Opposition to Trump wall building in the House

Spending offsets and questions about how effective a barrier a wall might be are causing problems for Donald Trump's proposal to build a wall along our southern border.

What's most worrisome to Trump supporters is that there appears to be a growing number of Republicans who might support the concept of a wall but are looking to offset its $12-billion cost with spending cuts elsewhere in the budget.

CNN:

Sen. John Cornyn, the No. 2 Senate Republican who represents the border state of Texas, was deeply skeptical about whether a wall alone would be enough to deter immigrants from entering the country illegally. And he issued a stark warning to Trump.

"I have concerns about spending un-offset money, which adds to the debt, period," Cornyn said bluntly when asked about the wall. "I don't think we're just going to be able to solve border security with a physical barrier because people can come under, around it and through it."

Trump has increasingly said that Congress would fund the wall initially but would later be reimbursed completely by Mexico. But prominent Republicans say flatly that they don't think Mexico will pay the United States back -- and Mexican leadership has repeatedly said the same -- meaning that taxpayers would be left holding the bag.

"No," Arizona Republican Sen. John McCain said when asked if he thought Mexico would reimburse the United States for the wall. "It's not a viable option."

McCain added: "If you only build a wall, only a 'wall,' without using technology, individuals, drones, observations, etc., you're not going to secure the border."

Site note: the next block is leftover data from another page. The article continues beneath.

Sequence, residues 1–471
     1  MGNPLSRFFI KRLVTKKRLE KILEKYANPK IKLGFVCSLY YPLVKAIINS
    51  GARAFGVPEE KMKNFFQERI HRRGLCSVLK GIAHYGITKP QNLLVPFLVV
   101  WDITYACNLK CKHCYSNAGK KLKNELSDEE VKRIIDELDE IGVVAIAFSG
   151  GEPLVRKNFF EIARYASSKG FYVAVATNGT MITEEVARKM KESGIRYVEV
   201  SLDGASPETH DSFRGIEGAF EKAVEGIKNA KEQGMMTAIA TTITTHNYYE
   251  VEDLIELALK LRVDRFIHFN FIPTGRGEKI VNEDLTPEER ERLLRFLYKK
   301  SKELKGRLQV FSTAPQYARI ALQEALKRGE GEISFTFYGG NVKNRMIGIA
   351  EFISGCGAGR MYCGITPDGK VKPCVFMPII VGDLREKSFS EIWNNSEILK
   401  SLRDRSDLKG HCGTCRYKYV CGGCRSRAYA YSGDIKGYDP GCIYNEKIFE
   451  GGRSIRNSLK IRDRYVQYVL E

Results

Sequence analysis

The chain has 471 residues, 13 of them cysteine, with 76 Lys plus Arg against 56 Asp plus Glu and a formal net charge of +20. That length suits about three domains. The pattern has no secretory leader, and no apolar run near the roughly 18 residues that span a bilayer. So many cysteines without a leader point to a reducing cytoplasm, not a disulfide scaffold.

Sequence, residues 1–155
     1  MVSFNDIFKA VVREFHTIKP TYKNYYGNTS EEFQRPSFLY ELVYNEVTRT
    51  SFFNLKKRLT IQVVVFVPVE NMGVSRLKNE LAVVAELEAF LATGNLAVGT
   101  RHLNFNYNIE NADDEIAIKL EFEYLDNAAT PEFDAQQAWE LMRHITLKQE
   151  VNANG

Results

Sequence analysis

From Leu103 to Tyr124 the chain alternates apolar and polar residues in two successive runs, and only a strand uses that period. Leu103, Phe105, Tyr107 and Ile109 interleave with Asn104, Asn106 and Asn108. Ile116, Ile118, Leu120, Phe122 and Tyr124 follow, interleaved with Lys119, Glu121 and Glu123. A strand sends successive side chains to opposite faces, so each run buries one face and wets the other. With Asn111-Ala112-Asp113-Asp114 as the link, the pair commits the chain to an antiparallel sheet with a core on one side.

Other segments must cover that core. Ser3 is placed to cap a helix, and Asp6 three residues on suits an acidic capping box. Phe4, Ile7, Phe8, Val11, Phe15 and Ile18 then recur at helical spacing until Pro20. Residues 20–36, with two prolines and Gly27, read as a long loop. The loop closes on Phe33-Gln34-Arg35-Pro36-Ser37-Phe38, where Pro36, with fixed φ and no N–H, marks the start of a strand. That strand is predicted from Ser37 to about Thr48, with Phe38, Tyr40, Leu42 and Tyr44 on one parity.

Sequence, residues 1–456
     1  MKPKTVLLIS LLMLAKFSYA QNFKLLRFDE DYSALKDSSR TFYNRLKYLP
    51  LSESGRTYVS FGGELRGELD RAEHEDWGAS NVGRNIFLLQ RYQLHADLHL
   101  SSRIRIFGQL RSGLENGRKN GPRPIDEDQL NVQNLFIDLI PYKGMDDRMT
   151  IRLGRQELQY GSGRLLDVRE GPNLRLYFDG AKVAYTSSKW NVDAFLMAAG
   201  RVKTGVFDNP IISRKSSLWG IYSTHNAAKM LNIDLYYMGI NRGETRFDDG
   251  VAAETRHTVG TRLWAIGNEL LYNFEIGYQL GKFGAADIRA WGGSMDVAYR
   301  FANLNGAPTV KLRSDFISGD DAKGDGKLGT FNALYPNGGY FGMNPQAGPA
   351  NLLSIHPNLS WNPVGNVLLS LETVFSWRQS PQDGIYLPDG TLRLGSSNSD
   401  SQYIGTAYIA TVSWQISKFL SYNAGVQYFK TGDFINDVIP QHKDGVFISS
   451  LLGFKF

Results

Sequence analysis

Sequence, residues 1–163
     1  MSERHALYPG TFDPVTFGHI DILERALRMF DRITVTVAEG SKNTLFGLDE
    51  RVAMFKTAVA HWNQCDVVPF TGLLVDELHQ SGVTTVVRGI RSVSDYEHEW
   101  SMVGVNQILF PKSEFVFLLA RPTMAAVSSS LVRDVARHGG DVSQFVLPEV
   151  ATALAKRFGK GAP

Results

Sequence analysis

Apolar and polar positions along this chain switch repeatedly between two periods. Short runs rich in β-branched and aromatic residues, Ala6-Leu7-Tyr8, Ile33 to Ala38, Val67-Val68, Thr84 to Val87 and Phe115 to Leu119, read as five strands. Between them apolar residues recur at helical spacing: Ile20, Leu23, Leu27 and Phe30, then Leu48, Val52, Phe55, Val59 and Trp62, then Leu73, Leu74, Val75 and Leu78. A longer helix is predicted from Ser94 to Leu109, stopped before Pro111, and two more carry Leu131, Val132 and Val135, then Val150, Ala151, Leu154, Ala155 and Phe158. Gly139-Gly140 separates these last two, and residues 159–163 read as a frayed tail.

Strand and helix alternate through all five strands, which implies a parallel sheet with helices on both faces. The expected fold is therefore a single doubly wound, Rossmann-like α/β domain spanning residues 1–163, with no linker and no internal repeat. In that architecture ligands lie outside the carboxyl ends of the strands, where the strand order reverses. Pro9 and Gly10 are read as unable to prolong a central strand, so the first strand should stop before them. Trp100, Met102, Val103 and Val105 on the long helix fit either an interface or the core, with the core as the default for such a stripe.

Trump still has time to convince his party to go along, especially if he provides more details on his plans, given Republicans are largely united behind calls for more robust border security. And some GOP senators, like Ron Johnson of Wisconsin, suggest they're open to paying for the wall even if it's not offset by spending cuts.

Behind the scenes, the Trump administration has tried to shore up support. John Kelly, the new secretary of Homeland Security, began to discuss with lawmakers this week his border security plans, sources said, but senators reported there were few details on the specifications of the wall.

The Trump administration is working on a supplemental funding package to pay for border and national security, but that work has stalled as the Senate moves slowly to confirm Trump's pick of Rep. Mick Mulvaney as his budget director.

I don't think the wall plan is in serious jeopardy.  The president could propose a package of budget cuts and revenue enhancements by taxing Mexican products at the border.  Or, as Speaker Ryan suggests, he can appeal to budget hawks by making the wall a national security priority.

The GOP has been talking border security for eight years.  To fail to pass the first concrete measure to reduce the flow of illegals would be a political mistake of the first magnitude.  The wall will get built – for better or worse – and Republicans will be virtually united behind funding it.